When you or your loved one is struggling with an alcohol use disorder (AUD), you may be unsure about the various types of treatment options available. You may have heard about inpatient and outpatient treatment programs but aren’t sure which is right for you. Inpatient treatment means 24/7 treatment in a rehab program, whereas, in outpatient treatment, you go home at night after participating in treatment sessions for several hours each week.
While outpatient treatment is a valuable treatment option, it may not always be the most appropriate level of care for certain individuals, such as those with relatively more severe AUD and/or significant acute alcohol withdrawal risks. Undergoing a thorough assessment by a doctor or other substance abuse treatment professional can help you determine if outpatient treatment is right for you.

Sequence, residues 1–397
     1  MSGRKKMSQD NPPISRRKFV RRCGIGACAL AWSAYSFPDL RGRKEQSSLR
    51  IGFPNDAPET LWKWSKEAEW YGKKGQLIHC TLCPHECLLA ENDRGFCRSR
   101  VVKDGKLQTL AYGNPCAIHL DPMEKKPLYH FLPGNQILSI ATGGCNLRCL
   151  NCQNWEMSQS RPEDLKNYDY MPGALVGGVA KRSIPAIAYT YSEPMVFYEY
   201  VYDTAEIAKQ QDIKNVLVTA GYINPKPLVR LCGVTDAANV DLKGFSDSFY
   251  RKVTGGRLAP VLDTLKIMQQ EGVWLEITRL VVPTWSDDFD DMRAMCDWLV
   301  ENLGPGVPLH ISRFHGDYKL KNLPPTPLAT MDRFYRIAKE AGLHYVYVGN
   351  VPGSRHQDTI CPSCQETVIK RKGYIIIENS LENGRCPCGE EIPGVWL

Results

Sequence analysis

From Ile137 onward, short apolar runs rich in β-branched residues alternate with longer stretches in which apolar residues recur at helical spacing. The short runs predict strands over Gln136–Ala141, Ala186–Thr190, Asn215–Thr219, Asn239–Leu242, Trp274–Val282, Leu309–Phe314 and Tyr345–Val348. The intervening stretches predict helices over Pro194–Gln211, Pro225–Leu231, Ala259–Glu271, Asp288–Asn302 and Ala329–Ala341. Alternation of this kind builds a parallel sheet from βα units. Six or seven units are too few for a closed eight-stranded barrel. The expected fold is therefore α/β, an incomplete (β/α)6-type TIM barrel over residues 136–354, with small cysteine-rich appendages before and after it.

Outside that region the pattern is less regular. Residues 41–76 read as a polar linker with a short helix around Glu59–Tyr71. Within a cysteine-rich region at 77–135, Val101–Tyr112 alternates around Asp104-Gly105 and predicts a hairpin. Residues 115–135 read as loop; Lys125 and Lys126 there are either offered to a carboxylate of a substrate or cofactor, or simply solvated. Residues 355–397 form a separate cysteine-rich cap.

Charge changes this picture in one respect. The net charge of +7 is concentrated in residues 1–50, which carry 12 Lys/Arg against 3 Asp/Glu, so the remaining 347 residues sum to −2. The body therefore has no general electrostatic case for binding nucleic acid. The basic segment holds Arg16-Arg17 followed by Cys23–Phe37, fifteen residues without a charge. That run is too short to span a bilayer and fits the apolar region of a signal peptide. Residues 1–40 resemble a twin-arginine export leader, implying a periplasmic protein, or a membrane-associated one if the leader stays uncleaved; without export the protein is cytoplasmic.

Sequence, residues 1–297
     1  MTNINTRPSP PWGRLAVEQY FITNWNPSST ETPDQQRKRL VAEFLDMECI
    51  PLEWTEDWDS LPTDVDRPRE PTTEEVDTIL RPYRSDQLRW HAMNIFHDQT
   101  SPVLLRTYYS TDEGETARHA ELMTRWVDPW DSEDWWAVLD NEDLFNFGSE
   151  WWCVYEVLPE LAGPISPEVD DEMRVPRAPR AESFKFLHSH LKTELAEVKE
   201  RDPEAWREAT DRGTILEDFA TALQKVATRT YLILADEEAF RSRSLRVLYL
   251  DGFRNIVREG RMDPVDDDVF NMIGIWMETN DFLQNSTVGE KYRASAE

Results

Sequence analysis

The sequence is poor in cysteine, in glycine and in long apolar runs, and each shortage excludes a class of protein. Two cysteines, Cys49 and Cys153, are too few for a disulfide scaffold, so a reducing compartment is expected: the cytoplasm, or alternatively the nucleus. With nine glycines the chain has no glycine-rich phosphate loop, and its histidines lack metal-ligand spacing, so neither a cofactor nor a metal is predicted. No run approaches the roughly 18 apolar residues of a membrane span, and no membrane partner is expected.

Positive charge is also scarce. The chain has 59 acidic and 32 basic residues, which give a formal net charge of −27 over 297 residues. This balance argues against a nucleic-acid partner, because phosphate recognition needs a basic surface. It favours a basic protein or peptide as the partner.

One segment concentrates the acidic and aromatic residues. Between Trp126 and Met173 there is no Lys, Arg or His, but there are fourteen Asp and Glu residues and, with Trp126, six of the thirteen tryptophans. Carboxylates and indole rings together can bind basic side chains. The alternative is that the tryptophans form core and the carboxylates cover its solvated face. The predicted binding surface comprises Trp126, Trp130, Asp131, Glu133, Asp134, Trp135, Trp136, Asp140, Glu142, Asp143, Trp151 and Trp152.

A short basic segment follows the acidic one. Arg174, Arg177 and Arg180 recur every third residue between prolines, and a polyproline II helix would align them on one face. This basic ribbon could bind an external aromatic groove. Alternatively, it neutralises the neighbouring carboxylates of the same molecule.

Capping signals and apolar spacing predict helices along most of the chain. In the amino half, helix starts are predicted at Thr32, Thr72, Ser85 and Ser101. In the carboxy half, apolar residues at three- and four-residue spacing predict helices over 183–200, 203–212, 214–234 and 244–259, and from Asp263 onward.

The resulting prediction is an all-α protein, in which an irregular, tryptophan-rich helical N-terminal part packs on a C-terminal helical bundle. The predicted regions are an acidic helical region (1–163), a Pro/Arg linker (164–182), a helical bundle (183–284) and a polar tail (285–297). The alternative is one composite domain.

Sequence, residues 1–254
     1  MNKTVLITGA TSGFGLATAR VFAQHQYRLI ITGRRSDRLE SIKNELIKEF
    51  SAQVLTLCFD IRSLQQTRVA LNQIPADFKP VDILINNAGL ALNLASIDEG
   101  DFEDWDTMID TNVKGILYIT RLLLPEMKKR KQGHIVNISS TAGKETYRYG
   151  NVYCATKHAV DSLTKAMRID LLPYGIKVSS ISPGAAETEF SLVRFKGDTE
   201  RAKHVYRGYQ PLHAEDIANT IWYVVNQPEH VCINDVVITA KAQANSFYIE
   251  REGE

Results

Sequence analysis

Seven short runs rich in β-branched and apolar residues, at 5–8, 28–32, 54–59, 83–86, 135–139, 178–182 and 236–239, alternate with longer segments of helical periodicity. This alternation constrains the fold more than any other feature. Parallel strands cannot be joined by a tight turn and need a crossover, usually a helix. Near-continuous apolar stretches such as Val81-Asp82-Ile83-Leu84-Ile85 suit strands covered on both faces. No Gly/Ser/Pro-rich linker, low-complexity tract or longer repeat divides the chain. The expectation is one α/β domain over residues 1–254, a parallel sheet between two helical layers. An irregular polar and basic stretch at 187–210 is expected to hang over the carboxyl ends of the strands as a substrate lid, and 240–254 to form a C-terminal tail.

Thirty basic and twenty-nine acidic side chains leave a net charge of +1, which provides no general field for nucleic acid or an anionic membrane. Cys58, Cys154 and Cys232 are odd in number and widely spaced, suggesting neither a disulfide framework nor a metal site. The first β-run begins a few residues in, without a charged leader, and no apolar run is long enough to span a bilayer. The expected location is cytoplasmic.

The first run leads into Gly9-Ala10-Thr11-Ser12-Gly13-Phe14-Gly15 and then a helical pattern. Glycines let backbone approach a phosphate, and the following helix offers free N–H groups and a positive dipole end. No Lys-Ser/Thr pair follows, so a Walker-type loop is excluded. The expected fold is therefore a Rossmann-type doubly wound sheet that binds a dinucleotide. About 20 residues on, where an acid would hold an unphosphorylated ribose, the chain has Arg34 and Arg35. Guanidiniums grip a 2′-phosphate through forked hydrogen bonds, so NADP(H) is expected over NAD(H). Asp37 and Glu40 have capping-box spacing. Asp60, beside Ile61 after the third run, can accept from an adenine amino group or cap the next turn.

What is Outpatient Treatment?
Outpatient treatment is a form of treatment for drug and alcohol use disorders in which a person regularly attends treatment at an outpatient center but is able to return to their home or other outside living arrangements outside of program hours.3 Several types of outpatient programs are available, with a varying number of treatment hours per week and intensity of oversight.1 Some programs offer daily sessions and others only meet 1 to 3 times per week.2
Some outpatient programs are relatively time-intensive and structured and are known as either partial hospitalization programs (PHPs) or intensive outpatient programs (IOPs). Both provide a full range of assessment, ongoing support, and linkages to more intensive levels of care if needed.1
PHP, also known as day programming, offers a slightly more flexible environment than residential inpatient treatment but still provides a relatively intensive level of care. This level of care allows patients to attend treatment during the day before heading back home in the evenings. In PHP, you might expect to receive roughly 4 hours of group therapy daily, 5 days a week.